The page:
Muslim personal law only where the
parties are Muslims; it does not provide
that the Muslim personal law shall apply
when only one of the parties is a
Muslim.” (the single Judge judgment and
the Division Bench judgment are reported
in 1946 Bombay Law Reporter 864)
In Andal Vaidyanathan vs. Abdul Allam Vaidya 1946
Madras, a Division Bench of the High Court dealing with a
marriage under the Special Marriage Act 1872 held:
“The Special Marriage Act clearly only
contemplates monogamy and a person
married under the Act cannot escape from
its provisions by merely changing his
religion. Such a person commits bigamy
if he marries again during the lifetime
of his spouse, and it matters not what
religion he professes at the time of the
second marriage. Section 17 provides the
only means for the dissolution of a
marriage or a declaration of its
Consequently, where two persons
married under the Act subsequently
become converted to Islam, the marriage
can only be dissolved under the
provisions of the Divorce Act and the
same would apply even if only one of
them becomes converted to Islam. Such a
marriage is not a marriage in the
Mahomoden sense which can be dissolved
in a Mahomedan manner. It is a statutory
marriage and can only be dissolved in
accordance with the Statute: (’41) 28
A.I.R.1941 Cal. 582 and (1917) 1 K.B.
634, Rel. on; (’35) 22 A.I.R. 1935 Bom.
8 and 18 Cal. 264, Disting.”
It is, thus, obvious from the catena of case-low that a
marriage celebrated under a particular personal law cannot
be dissolved by the application of another personal law to
which one of the spouses converts and the other refuses to
do so. Where a marriage takes place under Hindu Law the
parties acquire a status and certain rights by the marriage
itself under the law governing the Hindu Marriage and if one
of the parties is allowed to dissolve the marriage by
adopting and enforcing a new personal law, it would
tantamount to destroying the existing rights of the other
spouse who continues to be Hindu. We, therefore, hold that
under the Hindu Personal Law as it existed prior to its
codification in 1955, a Hindu marriage continued to subsist
even after one of the spouses converted to Islam. There was
no automatic dissolution of the marriage.
The position has not changed after coming into force of
the Hindu Marriage Act, 1955 (the Act) rather it has become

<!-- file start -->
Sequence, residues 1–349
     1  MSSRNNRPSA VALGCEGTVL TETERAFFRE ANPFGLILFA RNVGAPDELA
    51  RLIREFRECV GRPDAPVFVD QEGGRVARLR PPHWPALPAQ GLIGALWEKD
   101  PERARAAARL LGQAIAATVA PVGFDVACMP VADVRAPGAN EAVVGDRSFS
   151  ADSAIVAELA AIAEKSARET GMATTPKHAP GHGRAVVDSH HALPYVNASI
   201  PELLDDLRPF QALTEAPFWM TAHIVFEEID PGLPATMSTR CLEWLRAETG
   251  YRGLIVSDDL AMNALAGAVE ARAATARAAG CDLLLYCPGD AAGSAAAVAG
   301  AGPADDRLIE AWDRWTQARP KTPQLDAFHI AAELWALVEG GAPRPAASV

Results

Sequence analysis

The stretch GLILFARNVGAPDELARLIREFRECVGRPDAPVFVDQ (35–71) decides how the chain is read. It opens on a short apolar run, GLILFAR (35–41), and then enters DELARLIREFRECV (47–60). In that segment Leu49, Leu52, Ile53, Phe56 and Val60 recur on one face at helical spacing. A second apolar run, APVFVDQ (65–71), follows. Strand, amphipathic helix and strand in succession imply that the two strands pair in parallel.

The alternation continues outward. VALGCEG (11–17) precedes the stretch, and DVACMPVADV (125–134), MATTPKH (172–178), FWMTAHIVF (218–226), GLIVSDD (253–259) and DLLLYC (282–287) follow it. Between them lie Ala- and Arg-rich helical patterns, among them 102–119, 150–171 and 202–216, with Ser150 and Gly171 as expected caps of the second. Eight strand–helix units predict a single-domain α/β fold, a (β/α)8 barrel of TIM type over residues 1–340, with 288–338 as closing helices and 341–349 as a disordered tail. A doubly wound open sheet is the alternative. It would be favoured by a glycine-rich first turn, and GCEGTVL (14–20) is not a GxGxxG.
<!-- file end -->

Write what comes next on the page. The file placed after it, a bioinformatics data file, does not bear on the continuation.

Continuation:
worse for the apostate. The Act applies to Hindus by
religion in any of its forms or developments. It also
applies to Buddhists, Jains and Sikhs. It has no application
to Muslims, Christians and Parsees. Section 4 of the Act is
as under:
“Overriding effect of Act. save as
otherwise expressly provided in this
(a) any text, rule or interpretation of
Hindu law or any custom or usage as part
of that law in force immediately before
the commencement of this Act shall cease
to have effect with respect to any
matter for which provision is made in
this Act;
(b) any other law in force immediately
before the commencement of this Act
shall cease to have effect in so far as
it is inconsistent with any of the
provisions contained in this Act.”
A marriage solemnised, whether before or after the
commencement of the Act, can only be dissolved by a decree
of divorce on any of the grounds enumerated in Section 13 of
the Act. One of the grounds under Section 13 (i) (ii) is
that “the other party has ceased to be a Hindu by conversion
to another religion”. Sections 11 and 15 of the Act is as
“Void marriages:- Any marriage
solemnized after the commencement of
this Act shall be null and void and may,
on a petition presented by either party
thereto against the other party, be so
declared by a decree of nullity if it
contravenes any one of the conditions
specified in clauses (i), (iv) and (v)
of Section 5.”
“Divorced persons when may marry again.-
When a marriage has been dissolved by a
decree of divorce and either there is no
right of appeal against the decree or,
of there is such a right of appeal the
time for appealing has expired without
an appeal having been presented or an
appeal has been presented but has been
dismissed, it shall be lawful for either
party to the marriage to marry again.”
It is obvious from the various provisions of the Act
that the modern Hindu Law strictly enforces monogamy. A
marriage performed under the Act cannot be dissolved except
on the grounds available under section 13 of the Act. In
that situation parties who have solemnised the marriage
under the Act remain married even when the husband embraces
Islam in pursuit of other wife. A second marriage by an
apostate under the shelter of conversion to Islam would
nevertheless be a marriage in violation of the provisions of
the Act by which he would be continuing to be governed so
far as his first marriage under the Act is concerned despite
his conversion to Islam. The second marriage of an apostate
would, therefore, be illegal marriage qua his wife who
married him under the Act and continues to be Hindu. Between
the apostate and his Hindu wife the second marriage is in
violation of the provisions of the Act and as such would be
nonest. Section 494 Indian Penal Code is as under:-
“Marrying again during lifetime of
husband or wife. Whoever, having a
husband or wife living, marries in any
case in which such marriage is void by
reason of its taking place during the
life of such husband or wife, shall be
punished with imprisonment of either
description for a term which may extend